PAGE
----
Published in Additive Manufacturing Vol. 18, pp. 171-185, 2017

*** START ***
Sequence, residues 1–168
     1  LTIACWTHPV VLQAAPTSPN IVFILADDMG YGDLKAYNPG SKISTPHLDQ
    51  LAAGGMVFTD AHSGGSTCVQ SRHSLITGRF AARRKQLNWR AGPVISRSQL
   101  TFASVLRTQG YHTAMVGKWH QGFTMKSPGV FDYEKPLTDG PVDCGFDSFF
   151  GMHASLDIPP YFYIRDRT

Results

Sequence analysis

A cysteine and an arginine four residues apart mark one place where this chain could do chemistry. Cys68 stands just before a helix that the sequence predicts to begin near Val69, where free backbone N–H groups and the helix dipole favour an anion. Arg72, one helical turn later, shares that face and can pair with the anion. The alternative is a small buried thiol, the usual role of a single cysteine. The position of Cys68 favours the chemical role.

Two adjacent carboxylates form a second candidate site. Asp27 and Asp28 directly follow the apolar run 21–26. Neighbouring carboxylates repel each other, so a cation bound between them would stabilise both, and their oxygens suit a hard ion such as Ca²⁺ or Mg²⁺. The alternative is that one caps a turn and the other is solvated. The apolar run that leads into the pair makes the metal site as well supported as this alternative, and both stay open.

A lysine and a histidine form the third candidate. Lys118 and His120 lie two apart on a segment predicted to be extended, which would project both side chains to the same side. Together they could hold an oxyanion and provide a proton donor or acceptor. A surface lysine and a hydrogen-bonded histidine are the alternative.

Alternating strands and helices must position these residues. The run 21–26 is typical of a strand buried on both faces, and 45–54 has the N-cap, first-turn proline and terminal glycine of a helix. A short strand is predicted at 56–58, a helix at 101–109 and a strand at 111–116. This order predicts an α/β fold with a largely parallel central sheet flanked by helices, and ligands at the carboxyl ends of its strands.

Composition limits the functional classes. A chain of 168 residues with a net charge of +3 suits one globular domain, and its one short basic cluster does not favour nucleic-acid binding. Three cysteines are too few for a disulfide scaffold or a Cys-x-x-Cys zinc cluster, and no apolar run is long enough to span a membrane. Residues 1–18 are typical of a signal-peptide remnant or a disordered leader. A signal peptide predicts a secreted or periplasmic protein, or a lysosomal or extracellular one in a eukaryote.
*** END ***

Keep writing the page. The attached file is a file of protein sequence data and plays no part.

In this work a finite-element framework for the numerical simulation of the heat transfer analysis of additive manufacturing processes by powder-bed technologies, such as Selective Laser Melting, is presented. These kind of technologies allow for a layer-by-layer metal deposition process to cost-effectively create, directly from a CAD model, complex functional parts such as turbine blades, fuel injectors, heat exchangers, medical implants, among others. The numerical model proposed accounts for different heat dissipation mechanisms through the surrounding environment and is supplemented by a finite-element activation strategy, based on the born-dead elements technique, to follow the growth of the geometry driven by the metal deposition process, in such a way that the same scanning pattern sent to the numerical control system of the AM machine is used. An experimental campaign has been carried out at the Monash Centre for Additive Manufacturing using an EOSINT-M280 machine where it was possible to fabricate different benchmark geometries, as well as to record the temperature measurements at different thermocouple locations. The experiment consisted in the simultaneous printing of two walls with a total deposition volume of 107 cm3 in 992 layers and about 33,500 s build time. A large number of numerical simulations have been carried out to calibrate the thermal FE framework in terms of the thermophysical properties of both solid and powder materials and suitable boundary conditions. Furthermore, the large size of the experiment motivated the investigation of two different model reduction strategies: exclusion of the powder-bed from the computational domain and simplified scanning strategies. All these methods are analysed in terms of accuracy, computational effort and suitable applications
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